Walmart’s shift to become a marketplace and to take on Amazon has stepped up a gear with the retailer confirming a $16 billion investment in Indian ecommerce platform Flipkart.
The move marks Walmart’s transformation into an Amazon-esque marketplace and taps into the massive and growing Indian market – tipped by Gartner to grow at four times that of the developed world. It also shows why the retail giant is so keen to divest itself of Asda in the UK, where growth is currently low to non-existent.
The investment will help accelerate Flipkart’s mission to transform ecommerce in India through technology and is one in the eye for Amazon, a would be early suitor for FlipKart.
Although working together, Walmart and FlipKart will maintain their separate brands in the country, where Flipkart already has a well-defined presence and where Walmart India already operates 21 Best Price cash-and-carry stores and one fulfilment centre in 19 cities across nine states in the country.
“India is one of the most attractive retail markets in the world, given its size and growth rate, and our investment is an opportunity to partner with the company that is leading transformation of eCommerce in the market. As a company, we are transforming globally to meet and exceed the needs of customers and we look forward to working with Flipkart to grow in this critical market. Our investment will benefit India providing quality, affordable goods for customers, while creating new skilled jobs and fresh opportunities for small suppliers, farmers and women entrepreneurs.”
– Doug McMillon, Walmart’s president and chief executive officer
Founded in 2007, Flipkart has led India’s eCommerce revolution. The company has grown rapidly and earned customer trust, leveraging a powerful technology foundation, including artificial intelligence, and emerging as a leader in electronics, large appliances, mobile and fashion and apparel.
In a market where Walmart expects eCommerce to grow at four times the rate of overall retail, and with well-known platforms such as Myntra, Jabong and PhonePe, Flipkart is uniquely positioned to leverage its integrated ecosystem, which is defined by localised service, deep insights into Indian customers and a best-in-class supply chain.
Flipkart’s supply chain arm, eKart, serves more than 800 cities, making 500,000 deliveries daily.
In the fiscal year ended March 31, Flipkart recorded GMV of $7.5 billion1 and net sales of $4.6 billion representing more than 50 percent year-over-year growth in both cases. With the investment, Flipkart will leverage Walmart’s omni-channel retail expertise, grocery and general merchandise supply-chain knowledge and financial strength, while Flipkart’s talent, technology, customer insights and agile and innovative culture will benefit Walmart in India and across the globe.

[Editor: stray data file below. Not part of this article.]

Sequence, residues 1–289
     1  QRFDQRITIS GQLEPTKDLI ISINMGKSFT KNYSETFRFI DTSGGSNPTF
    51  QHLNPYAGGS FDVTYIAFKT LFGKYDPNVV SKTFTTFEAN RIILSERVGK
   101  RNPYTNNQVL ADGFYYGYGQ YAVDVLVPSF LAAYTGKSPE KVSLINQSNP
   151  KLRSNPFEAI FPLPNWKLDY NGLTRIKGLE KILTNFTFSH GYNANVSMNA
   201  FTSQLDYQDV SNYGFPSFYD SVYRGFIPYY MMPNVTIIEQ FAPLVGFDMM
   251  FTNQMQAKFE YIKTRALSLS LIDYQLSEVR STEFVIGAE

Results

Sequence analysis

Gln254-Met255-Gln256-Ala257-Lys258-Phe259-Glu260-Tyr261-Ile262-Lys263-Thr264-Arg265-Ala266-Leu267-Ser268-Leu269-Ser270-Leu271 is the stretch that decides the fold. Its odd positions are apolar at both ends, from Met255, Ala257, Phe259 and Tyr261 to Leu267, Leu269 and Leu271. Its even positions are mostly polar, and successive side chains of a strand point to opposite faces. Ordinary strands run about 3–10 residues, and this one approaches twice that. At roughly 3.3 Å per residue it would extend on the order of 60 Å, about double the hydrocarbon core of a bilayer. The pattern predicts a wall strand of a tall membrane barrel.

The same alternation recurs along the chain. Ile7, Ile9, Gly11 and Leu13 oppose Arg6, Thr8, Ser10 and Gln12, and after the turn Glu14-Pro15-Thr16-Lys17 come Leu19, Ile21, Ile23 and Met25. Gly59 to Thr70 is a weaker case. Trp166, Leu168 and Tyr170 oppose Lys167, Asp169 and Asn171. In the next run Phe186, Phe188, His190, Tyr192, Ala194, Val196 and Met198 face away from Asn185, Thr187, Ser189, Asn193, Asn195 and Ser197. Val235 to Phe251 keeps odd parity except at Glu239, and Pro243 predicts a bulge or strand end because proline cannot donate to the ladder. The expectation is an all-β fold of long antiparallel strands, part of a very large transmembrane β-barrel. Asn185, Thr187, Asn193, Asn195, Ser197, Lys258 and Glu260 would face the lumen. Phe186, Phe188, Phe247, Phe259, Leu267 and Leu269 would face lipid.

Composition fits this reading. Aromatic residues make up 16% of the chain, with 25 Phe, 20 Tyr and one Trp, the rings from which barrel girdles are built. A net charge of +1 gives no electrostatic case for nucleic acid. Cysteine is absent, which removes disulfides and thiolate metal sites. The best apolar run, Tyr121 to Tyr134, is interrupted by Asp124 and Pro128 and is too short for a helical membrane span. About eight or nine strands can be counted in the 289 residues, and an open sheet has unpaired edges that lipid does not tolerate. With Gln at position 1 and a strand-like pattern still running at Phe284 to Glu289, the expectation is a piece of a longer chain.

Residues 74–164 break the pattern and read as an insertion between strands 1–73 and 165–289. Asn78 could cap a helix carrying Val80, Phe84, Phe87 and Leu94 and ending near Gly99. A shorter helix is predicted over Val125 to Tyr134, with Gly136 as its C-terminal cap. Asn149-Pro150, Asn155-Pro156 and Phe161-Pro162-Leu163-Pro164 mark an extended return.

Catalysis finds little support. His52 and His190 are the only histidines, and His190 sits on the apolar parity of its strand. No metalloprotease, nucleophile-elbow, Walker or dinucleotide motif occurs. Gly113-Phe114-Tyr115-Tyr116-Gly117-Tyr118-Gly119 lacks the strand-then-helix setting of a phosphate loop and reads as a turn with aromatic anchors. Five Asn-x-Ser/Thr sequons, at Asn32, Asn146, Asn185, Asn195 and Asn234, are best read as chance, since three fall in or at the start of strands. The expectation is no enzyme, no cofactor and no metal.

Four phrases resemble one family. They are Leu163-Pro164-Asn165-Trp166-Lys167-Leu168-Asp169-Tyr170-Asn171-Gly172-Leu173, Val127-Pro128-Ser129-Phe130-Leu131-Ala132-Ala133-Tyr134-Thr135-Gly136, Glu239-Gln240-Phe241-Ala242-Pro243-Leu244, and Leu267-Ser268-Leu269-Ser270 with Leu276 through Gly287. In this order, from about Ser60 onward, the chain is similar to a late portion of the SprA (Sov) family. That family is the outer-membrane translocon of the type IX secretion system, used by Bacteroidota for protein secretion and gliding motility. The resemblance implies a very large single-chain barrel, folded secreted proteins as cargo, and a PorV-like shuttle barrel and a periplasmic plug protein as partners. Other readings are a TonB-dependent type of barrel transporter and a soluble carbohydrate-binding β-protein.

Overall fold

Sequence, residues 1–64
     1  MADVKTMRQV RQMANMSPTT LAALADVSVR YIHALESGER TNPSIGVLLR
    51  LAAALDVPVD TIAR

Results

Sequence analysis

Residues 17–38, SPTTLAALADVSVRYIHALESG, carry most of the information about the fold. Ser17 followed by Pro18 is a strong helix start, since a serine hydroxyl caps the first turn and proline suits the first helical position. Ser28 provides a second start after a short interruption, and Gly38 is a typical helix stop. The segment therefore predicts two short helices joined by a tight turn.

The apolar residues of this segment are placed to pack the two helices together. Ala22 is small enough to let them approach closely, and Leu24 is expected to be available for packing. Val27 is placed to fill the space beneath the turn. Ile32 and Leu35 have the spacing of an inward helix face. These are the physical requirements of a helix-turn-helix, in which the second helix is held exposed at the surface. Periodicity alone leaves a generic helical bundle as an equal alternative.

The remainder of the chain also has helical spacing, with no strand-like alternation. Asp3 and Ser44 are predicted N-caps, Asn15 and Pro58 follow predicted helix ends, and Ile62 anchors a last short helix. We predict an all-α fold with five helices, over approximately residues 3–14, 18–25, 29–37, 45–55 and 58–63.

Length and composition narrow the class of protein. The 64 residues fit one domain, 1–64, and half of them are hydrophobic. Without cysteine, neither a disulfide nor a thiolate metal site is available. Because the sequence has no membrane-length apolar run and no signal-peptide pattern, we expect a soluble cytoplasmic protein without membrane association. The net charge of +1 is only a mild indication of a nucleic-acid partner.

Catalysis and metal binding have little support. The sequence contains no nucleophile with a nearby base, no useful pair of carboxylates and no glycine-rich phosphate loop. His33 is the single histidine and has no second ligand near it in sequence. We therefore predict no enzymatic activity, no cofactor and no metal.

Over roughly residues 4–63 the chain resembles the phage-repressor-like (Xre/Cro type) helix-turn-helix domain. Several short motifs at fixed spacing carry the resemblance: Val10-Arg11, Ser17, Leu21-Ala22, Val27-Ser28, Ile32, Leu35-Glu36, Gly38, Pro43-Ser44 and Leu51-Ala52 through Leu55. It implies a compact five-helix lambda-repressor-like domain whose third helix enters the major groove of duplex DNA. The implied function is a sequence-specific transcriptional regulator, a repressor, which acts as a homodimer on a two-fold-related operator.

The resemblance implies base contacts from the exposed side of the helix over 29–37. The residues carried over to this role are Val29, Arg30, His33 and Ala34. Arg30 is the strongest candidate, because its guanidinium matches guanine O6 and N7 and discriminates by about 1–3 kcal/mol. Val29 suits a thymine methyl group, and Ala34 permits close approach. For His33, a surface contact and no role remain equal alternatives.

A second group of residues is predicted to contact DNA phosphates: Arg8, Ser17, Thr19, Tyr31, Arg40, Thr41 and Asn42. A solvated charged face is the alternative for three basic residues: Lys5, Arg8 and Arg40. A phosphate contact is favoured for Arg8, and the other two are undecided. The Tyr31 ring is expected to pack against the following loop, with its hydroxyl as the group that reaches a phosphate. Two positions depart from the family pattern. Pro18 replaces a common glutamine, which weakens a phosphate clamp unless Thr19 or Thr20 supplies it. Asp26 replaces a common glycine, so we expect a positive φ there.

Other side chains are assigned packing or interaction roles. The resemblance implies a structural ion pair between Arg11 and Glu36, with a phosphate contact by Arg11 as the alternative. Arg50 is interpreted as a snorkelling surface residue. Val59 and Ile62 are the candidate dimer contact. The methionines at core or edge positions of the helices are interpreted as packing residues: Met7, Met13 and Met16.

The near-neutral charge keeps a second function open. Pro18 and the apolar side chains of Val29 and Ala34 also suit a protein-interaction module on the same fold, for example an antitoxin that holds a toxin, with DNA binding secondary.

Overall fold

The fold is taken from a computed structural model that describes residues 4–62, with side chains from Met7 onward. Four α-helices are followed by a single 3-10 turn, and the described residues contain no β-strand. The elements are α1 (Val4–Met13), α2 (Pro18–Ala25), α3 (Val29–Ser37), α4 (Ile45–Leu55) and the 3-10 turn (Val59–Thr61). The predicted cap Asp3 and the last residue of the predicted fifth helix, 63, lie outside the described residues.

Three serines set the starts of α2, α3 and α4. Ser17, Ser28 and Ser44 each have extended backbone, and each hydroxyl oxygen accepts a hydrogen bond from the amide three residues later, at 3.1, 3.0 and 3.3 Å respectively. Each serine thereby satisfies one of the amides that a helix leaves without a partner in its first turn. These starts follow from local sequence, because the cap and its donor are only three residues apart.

The Flipkart investment transforms Walmart’s position in a country with more than 1.3 billion people, strong GDP growth, a growing middle class and significant runway for smartphone, internet and eCommerce penetration.
“This investment is of immense importance for India and will help fuel our ambition to deepen our connection with buyers and sellers and to create the next wave of retail in India. While eCommerce is still a relatively small part of retail in India, we see great potential to grow. Walmart is the ideal partner for the next phase of our journey, and we look forward to working together in the years ahead to bring our strengths and learnings in retail and eCommerce to the fore.”
– Binny Bansal, Flipkart’s co-founder and group chief executive officer
But it isn’t a done deal yet. Softbank, one of Flipkart’s investors, have been caught wrong footed not expecting a deal to close quickly. They’re apparently wanting to hold off on the sale of their shares for perhaps a year to figure out how to avoid a massive tax liability.
That said, eBay is selling its holdings in FlipKart and relaunching eBay Indiain the wake of the deal. eBay’s involvement with Flipkart was one of the problems with the Flipkart acquisition by Amazon, but it looks like eBay doesn’t want to be involved with a Walmart owned company in India.
eBay and Flipkart’s arrangement was an interesting and innovative way to approach the problem of US companies getting its share of online retail in India, but now it looks like it will return to a more traditional model and offer something much like Amazon. The three US companies now look likely to fight it out ever more strongly in what is already a competitive arena.
Walmart already has overseas form, opening a physical grocery store in China while selling its wares through a branded online store on JD.comas it looks to undermine Alibaba’s hegemony over the China’s ecommerce market.
JD.com – a slice of which is owned by Walmart – is already selling Chinese-made, US Walmart branded electronics goods to Chinese shoppers, as well as setting up JD.com electronics ‘showrooms’ in Walmart stores across China to sell white and consumer electronics goods. Now the relationship is being switched around to sell groceries in a high tech store.